Now that we have all finished celebrating the beginning of a random day in a random year, in the middle of nowhere in the revolution of our Sun, around we- don’t- know- what- spot in the centre of the Milky Way galaxy, (which takes it 230 million years to make one complete orbit around), maybe we can spend five minutes on reflection and contemplation of the calendar.
What is a calendar anyway? It is a time keeper on a day scale really, so it is just a reeeally slow clock in a way. Humans probably started to figure out ways to measure time around the time they settled into agriculture. (As an aside, there is a recent book I heard of where the author claims that agriculture was the biggest mistake of the human race! )
In any case, that would have been when the women needed to figure out when to sow and when to reap and when they could expect to have food available. (They were probably the first farmers while the men continued to hunt for a while till the transition was complete). Thus the annual cycles of summer/ rain/ winter may have been noticed and used to plan the farming.
Eventually we got more refined and started being able to measure the hours in the day and the minutes in an hour. The earliest ‘clocks’ have been around since 2000 BC.
It is very interesting that despite having ten digits on our fore and hind limbs, we use 12 as the unit of measurement.
I found this article a bit confusing but apparently if we had 8 fingers instead of 10 things would be counted differently!
We have now progressed so much that we even have an atomic clock which can calculate to the 1/1000th of a second or something which I imagine is useful only to children who always want to claim being older than an annoying cousin by just such a small measurable amount!
Once heliocentrism was more or less accepted universally, we also managed to figure out that a full circle around the Sun takes us 365 days give or take a wobble here and there. From that to the Mayan calendar, zodiac signs and eventually Nostradamus was just short leap!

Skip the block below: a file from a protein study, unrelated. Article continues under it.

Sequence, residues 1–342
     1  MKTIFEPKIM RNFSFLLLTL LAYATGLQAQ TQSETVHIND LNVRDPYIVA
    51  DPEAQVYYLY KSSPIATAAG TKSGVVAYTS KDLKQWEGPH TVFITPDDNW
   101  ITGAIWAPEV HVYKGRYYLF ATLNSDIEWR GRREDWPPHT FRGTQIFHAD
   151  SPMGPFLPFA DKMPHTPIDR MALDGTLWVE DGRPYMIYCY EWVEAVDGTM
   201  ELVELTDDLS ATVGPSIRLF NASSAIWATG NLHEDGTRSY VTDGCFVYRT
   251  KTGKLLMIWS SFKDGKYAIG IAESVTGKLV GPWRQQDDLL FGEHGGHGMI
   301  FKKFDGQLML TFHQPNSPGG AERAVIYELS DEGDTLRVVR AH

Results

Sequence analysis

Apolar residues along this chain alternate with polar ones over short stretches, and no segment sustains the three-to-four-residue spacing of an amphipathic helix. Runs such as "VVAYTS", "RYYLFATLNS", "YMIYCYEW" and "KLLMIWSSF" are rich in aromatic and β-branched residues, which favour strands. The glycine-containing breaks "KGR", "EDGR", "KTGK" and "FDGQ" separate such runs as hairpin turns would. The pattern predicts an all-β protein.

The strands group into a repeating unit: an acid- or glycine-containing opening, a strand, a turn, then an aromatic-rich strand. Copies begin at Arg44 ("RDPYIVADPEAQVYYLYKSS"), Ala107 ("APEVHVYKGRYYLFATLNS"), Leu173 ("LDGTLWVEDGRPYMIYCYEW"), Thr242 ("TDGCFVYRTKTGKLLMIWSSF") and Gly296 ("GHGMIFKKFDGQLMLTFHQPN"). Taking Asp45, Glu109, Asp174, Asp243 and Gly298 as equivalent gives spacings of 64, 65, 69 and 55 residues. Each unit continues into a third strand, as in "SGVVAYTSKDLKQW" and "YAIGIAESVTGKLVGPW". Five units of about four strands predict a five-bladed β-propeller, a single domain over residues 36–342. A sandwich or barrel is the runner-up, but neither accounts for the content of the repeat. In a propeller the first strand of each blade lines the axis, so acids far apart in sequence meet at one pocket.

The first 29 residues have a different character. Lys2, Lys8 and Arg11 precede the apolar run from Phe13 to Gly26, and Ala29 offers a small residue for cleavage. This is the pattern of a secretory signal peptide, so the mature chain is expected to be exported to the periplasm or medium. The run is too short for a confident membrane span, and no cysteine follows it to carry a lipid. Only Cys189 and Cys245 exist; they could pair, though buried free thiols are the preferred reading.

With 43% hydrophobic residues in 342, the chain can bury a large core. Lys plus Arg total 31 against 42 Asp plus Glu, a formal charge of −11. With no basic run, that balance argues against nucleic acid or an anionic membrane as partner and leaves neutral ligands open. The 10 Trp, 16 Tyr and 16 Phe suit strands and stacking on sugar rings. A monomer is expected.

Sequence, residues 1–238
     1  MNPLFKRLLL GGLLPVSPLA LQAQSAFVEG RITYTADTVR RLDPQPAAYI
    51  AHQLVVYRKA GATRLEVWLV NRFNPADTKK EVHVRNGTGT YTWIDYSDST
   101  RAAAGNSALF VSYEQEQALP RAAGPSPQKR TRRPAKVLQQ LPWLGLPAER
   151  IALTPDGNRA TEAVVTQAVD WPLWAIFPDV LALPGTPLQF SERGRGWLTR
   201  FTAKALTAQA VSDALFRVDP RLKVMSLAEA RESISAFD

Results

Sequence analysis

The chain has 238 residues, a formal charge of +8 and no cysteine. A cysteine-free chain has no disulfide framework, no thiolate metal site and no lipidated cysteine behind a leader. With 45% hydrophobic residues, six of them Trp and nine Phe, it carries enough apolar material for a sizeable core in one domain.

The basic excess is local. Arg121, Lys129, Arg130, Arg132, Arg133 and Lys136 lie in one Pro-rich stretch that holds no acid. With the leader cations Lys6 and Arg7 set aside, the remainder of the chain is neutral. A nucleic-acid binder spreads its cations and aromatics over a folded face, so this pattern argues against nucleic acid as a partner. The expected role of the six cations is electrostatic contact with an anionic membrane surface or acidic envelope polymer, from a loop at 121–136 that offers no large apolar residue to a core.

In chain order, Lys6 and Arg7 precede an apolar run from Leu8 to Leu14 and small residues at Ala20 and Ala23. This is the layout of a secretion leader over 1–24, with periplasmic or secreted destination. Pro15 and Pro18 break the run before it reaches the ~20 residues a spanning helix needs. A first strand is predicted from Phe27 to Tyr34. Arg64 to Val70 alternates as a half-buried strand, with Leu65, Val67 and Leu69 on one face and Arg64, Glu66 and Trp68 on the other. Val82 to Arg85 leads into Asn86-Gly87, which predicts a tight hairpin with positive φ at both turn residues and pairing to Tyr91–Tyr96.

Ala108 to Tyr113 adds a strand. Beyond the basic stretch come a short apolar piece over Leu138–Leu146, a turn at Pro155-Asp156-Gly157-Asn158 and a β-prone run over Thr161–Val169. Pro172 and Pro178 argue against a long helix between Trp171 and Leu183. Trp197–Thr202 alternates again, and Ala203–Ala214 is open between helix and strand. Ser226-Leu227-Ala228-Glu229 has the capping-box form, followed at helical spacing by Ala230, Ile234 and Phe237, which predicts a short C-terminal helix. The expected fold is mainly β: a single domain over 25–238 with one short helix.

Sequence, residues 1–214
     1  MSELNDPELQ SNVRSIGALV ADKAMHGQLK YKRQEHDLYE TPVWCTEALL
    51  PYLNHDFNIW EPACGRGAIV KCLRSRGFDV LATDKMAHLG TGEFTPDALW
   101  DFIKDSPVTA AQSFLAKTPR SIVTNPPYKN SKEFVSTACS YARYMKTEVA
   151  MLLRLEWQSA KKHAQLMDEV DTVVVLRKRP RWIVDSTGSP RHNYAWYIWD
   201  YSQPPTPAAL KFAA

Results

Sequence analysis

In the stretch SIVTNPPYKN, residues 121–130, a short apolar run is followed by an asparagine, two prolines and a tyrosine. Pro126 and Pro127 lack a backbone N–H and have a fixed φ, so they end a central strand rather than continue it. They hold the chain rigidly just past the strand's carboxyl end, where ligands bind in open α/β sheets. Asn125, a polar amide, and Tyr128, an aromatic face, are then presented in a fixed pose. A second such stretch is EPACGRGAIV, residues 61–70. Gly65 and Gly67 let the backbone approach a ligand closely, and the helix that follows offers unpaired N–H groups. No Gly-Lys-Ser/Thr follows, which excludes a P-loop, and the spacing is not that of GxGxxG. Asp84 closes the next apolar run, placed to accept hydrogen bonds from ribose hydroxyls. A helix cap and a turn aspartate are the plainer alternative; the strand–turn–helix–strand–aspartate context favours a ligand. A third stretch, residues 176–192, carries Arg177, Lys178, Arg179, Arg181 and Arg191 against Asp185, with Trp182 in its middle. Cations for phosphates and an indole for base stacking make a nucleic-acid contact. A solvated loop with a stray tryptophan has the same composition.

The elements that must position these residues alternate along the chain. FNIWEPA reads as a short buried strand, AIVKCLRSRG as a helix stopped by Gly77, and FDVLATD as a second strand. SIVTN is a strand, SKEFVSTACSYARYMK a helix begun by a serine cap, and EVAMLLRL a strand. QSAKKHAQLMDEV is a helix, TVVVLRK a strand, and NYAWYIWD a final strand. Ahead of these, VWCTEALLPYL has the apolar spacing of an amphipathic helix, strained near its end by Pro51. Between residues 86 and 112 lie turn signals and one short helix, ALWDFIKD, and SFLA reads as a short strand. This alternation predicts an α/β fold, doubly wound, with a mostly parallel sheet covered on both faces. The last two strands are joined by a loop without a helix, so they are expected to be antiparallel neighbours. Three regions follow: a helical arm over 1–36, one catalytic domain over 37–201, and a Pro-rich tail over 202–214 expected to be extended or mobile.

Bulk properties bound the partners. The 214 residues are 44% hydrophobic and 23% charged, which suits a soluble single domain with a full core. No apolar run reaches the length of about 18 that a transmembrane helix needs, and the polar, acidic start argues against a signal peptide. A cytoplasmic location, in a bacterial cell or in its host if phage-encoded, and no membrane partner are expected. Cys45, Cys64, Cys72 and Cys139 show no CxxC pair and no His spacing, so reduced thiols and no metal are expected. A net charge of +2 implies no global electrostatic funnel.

Hindus have a lunar/ solar mixed calendar and do consider Diwali as the beginning of a new year and the Chinese also use the lunar calendar and celebrate their new year sometime in February.
The 1st Jan that we all celebrate so joyfully is for a month named after the Roman god Janus ( who is the god of beginnings and transitions). The date is from the Gregorian calendar of the Pope Gregory.
If this isn’t a reminder of the sustained legacy of the hegemony of the global north then I don’t know what is!
Having said that, if the current insanity of radical Hindutva continues, India may well follow Nepal is shifting to the Hindu calendar which is currently in the year 2074.
Of course, no matter which way we count it and on which day we declare a new year, the idea behind it is one of renewal and out with the old and in with the new.
The old must give way to the new. But of course it doesn’t always happen and in the medical field or the NGO field, nor in corporate sector (nor sometimes in families where the head of the family, usually the oldest man continues to bully everyone into doing what he thinks is best for them). There are very rare leaders who plan to transition out and mentor the next generation of leaders. Most people cling on to power and control like grim death.
This year we also kept a happy/funny memories jar in the dining room. We opened the jar on 31st Dec and it was fun to reminisce and relive the highlights of 2017.
Did you make any resolutions? I think Calvin had the right idea 🙂
But it is probably always a good idea to aim to read more good books/articles, listen to more old favourite songs, travel more, stay in touch with friends ( old and new).
Meet your parents, spend more time with your kids (they really do grow up simply too fast), be kinder, donate more of your time/ money/ expertise to those who have less than you, learn something new every day/ week whether it is a word or a poem or a fact or a recipe, exercise regularly, eat healthy, feel less guilty, carpe diem and all that jazz.
It doesn’t matter if you can’t do it regularly, do it whenever you can.
After all, as my school Principal used to say –‘Today is the first day of the rest of your life!’